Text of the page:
Recently I rebooted my configuration files and wanted to document the process.
I would like a set up that is portable, concise, and version controlled. The dream is I can sit down at a new machine, clone my dot files, and be up an running quickly.
Over the past few months I have been experimenting with different editors to
get a feel of what other options are out there. I gave Emacs another concerted
effort as well as the Spacemacs distribution. VScode and Atom were also
explored as options for more IDE like experiences. I found I was very stunted
without vim keybindings for text navigation. I am completely brainwashed by
modal editing. Many editors have a vim mode which was great, but then I had to
figure out how to implement my own custom key maps to match my
became a real pain switching between editors and having to configure each one.
The root of the problem stems from the configuration that went into my original
.vimrc. I went overboard with remapping keys and setting lots of options. I
think early on I was too quick to add a convenient remap than learning how it’s
done the default way. Many packages were also installed using Tim Popes
pathogen.vim which was convent at the
time. I stuck with pathogen for many years but found myself wanting more out of
my vim package manager.
I figured it was time to start fresh!
Burn It All Down
I wanted to clean up my vim configuration as well as my terminal set up. I have
been using zsh for many years now as a drop in replacement for bash. I moved
.zshrc to a back up folder in case this experiment went
I set up a folder called
dotfiles which contains a bash script that symlink’s
the configurations into the root directory. I like this setup because I can easily
version control all of my configurations.
- For a package manager I went with vim-plug a “Minimalist Vim Plugin
Manager”. To install packages it is as simple as listing the plugins between begin and end.
" Plugins will be downloaded under the specified directory. call plug#begin('~/.vim/plugged')
- What is a
.vimrcwithout some packages by Tim Pope! I tried not to go crazy. The vim-sensible package is a set of universal defaults that most people agree on. I also love his vim-commentary package for quickly commenting lines. Pope’s packages are written in a way that they feel like part of base vim, and less like a hack.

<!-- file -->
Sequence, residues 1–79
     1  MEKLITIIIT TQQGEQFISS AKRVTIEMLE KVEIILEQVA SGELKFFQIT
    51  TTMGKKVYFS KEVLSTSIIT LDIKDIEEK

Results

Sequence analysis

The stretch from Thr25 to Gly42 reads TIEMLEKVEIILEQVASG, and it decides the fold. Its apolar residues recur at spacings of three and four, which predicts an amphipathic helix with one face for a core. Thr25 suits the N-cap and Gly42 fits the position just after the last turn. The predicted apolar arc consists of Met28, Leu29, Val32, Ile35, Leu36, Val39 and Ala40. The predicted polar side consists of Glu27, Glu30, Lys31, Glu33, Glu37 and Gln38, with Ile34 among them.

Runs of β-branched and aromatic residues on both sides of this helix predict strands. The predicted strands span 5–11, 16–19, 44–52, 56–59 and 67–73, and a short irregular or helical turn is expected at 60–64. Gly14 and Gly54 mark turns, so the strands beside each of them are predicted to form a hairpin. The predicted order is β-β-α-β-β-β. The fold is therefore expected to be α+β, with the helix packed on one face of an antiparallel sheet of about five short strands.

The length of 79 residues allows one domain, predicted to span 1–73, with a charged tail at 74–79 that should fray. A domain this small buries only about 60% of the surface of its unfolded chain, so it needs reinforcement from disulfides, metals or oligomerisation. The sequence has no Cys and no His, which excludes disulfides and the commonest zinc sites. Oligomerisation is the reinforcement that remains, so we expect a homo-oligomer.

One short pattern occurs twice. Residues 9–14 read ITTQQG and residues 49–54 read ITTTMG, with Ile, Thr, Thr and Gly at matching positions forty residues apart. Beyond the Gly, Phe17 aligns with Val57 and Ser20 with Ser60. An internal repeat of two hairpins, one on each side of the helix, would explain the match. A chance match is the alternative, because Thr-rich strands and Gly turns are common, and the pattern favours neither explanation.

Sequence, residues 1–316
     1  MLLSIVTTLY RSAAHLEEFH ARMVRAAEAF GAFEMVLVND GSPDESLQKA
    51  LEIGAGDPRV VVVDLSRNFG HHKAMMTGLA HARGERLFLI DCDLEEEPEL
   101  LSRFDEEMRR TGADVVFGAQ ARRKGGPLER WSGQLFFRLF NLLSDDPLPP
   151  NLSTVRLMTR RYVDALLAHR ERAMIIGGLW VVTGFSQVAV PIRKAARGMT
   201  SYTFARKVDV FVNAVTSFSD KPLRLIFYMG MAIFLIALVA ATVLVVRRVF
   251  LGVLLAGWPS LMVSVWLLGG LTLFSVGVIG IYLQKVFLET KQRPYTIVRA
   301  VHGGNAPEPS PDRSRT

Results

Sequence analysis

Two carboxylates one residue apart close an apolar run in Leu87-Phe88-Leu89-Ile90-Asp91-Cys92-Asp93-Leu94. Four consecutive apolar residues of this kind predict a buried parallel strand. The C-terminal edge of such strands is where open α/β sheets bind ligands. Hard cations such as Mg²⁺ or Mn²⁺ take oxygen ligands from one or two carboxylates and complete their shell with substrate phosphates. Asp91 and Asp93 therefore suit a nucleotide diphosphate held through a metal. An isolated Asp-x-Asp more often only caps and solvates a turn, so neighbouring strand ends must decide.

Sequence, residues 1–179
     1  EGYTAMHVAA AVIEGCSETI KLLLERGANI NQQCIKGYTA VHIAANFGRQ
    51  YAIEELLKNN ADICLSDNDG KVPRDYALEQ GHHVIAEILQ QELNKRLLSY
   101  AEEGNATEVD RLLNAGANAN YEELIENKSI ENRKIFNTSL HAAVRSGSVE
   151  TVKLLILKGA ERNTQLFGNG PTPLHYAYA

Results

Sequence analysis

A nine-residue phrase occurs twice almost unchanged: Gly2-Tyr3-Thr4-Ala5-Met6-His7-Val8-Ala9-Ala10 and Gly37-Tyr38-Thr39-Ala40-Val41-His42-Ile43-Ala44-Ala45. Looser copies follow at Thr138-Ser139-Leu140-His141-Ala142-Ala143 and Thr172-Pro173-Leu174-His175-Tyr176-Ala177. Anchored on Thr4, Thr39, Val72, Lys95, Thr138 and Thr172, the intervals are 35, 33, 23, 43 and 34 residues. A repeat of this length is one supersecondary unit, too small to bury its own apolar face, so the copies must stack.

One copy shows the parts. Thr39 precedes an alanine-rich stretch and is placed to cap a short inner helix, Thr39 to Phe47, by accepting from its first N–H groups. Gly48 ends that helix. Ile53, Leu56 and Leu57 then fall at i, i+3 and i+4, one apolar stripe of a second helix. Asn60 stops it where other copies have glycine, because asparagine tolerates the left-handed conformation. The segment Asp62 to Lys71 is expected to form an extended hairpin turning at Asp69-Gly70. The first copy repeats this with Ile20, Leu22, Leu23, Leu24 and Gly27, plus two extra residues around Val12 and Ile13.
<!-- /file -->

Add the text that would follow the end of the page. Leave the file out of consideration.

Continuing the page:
" Tim Pope writes essential plugins Plug 'tpope/vim-sensible' Plug 'tpope/vim-commentary'
- For colors I have been using the badwolf
color scheme for many years and I still love it. I recently found out that it
also comes with a goodwolf color scheme which is a minimal take on color.
" Steve Losh makes pretty things Plug 'sjl/badwolf'
- I was interested in using some snippets so I went with utilsnips as the
engine and vim-snippets as the catalog.
" A snippet engine and snippet catalog Plug 'SirVer/ultisnips' Plug 'honza/vim-snippets'
- I have been editing lots of tex files recently so I install
vimtex to better handle latex specific problems
" Latex plugin Plug 'lervag/vimtex'
- Close out the vim-plug command
" Plugins become visible to Vim after this call. call plug#end()
- Set up the color
- I messed around with the tabs. I don’t know where I fall on the tabs
vs. spaces debate but at the moment spaces are taking precedent.
" show existing tab with 4 spaces width set tabstop=4 " when indenting with '>', use 4 spaces width set shiftwidth=4 " On pressing tab, insert 4 spaces set expandtab
- Again I have been editing a lot of tex these days so I set up vim to assume I
will always be editing LaTeX files instead of plain TeX.
" Vim defaults to plaintex. I only ever write LaTeX let g:tex_flavor = "latex"
I am keeping an eye on things getting out of control, but right now things are feeling good.
I have been please with the oh-my-zsh library of packages and configuration options.
- For a theme I went with
avit which was
already very similar.
- The git package came already installed and I added autojump for better navigation.
- I set my default editor to vim
- I added a couple of lines to get my conda environment working correctly
. /Users/eitanlees/miniconda3/etc/profile.d/conda.sh conda activate
- Finally there were a few aliases I have found convenient. The latex related ones just output
all generated files to a folder
tmprather than in the current directory. The
lockalias is mac specific, so I can quickly lock my computer from the terminal. I think I could live without the clear alias, so it’s on the short list to be cut.
alias c='clear' alias pdflatex='mkdir -p tmp; pdflatex -output-directory tmp' alias latexmk='mkdir -p tmp; latexmk -pdf -outdir=tmp' alias lock='/System/Library/CoreServices/Menu\ Extras/User.menu/Contents/Resources/CGSession -suspend'
I hope that I can reign in the desire to go overboard with configuration. I
still haven’t created a
.bashrc yet. Since bash is by far the most common
shell I encounter in the wild, I should have a minimal configuration at hand.
I am keeping all my dotfiles on github (eitanlees/dotfiles) and they are likely to change in the future.
Best of luck future Eitan!